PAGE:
Page 62 - Jewish Book Annual Volume 47

Basic HTML Version

5 4
prominent 18th-century Rabbi Ezekiel Landau and a hasidic
Tzaddik over the merits o f Hasidism. The second was
published in 1899 by Ephraim Deinard. The work, a
classic anti-hasidic diatribe, has been attributed to David of
Makow, an 18th-century hasidic leader who rejoined the
Mitnaggedim. An earlier edition appeared in Warsaw in 1798.
Deinard published a critical text of the famous pamphlet and
a second American edition appeared in 1904.
Deinard was also responsible for the appearance of two other
anti-hasidic works in 1904. One was ascribed to the prominent
18th-century Lithuanian preacher and dayyan, Israel Loebel, who
was an outspoken opponent to the newly founded hasidic move­
ment. When Loebel’s brother became a Hasid, he obtained ap­
proval from the Vilna Gaon to preach or publish against this
group whenever possible. Deinard published
Herev Hadah,
a He­
brew translation of an anti-hasidic tract written by Loebel in Ger­
man. Deinard also published another anti-hasidic work from a
manuscript of Isaac Baer Levinsohn, the famous 19th-century He­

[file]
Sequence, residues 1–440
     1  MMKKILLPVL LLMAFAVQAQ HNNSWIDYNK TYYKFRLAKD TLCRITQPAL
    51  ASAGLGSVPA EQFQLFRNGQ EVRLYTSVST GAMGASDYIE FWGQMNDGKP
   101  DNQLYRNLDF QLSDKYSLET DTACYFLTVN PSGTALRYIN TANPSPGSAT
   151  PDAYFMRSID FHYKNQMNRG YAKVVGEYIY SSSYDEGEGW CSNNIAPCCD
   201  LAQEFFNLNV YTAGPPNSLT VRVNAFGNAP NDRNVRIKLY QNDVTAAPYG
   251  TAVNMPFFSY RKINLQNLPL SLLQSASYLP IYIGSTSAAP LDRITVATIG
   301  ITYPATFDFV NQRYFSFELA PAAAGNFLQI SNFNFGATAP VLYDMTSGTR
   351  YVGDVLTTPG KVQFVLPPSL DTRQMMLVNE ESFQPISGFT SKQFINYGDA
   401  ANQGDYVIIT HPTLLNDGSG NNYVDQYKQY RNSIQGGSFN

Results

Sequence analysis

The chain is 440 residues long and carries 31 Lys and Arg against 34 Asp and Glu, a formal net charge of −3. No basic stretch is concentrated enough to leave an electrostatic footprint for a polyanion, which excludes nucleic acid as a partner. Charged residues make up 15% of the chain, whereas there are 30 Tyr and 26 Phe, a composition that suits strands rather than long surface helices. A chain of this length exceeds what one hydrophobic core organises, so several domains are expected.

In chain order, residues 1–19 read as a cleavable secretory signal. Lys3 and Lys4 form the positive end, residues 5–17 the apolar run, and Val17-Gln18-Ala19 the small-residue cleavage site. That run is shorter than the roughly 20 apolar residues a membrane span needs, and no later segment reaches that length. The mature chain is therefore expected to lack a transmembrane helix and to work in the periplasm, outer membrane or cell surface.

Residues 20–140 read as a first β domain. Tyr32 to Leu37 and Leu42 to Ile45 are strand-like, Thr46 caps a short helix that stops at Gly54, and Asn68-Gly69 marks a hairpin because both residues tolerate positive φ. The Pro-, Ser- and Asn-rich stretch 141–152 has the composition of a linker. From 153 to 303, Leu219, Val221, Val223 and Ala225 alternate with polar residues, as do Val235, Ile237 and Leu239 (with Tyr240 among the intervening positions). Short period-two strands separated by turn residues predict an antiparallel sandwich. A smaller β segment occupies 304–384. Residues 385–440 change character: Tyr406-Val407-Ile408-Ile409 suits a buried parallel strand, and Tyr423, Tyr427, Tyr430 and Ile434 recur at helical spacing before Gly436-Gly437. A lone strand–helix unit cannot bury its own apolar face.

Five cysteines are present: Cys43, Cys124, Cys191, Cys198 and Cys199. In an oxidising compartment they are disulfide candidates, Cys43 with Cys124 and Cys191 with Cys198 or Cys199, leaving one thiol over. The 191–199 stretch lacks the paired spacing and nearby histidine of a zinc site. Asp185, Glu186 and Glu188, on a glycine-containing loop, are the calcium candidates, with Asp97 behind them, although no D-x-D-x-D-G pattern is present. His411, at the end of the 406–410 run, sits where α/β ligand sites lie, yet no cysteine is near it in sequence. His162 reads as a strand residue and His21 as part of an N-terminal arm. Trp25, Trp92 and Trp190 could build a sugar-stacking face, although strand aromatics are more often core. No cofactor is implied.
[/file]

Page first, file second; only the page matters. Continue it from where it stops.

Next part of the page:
brew author known as the “Russian Mendelssohn.” The work was
Megillah cAfah.
Works directed against the efforts of missionaries and Chris­
tianity in general also made their appearance. In 1889 there
was published
Hokhmat Yehudah,
by David Kohn, describing a
dispute between a Jew and a Christian over matters of religion
and faith. In 1898 another work defending Judaism appeared.
It was authored by Abraham Leib Benjaminson, a native of Rus­
sia who came to America in 1892. The title of the work was
Milhamah be-Shalom
and was a defense of Judaism against the
attack of missionaries. It was written in the form of a debate
between a priest and rabbi and provided Jews with the argu­
ments they could use against the missionary efforts then taking
place in New York.
The very prolific Deinard also published two polemic works
against Christians in 1904. The first was a revised edition (noted
as the second on the title page, but actually the third) of Joseph
Ben Shem Tov’s Hebrew translation of Hasdai Crescas’ classic
work against the principles of Christianity written originally in
Catalan in the late 14th century. The title was
Bittul cIkkare Ha-
For some strange reason, the book was printed on green
paper. The other title was a new edition o f David Nasi’s
Bacal Din,
which first appeared in Frankfurt in 1866. Deinard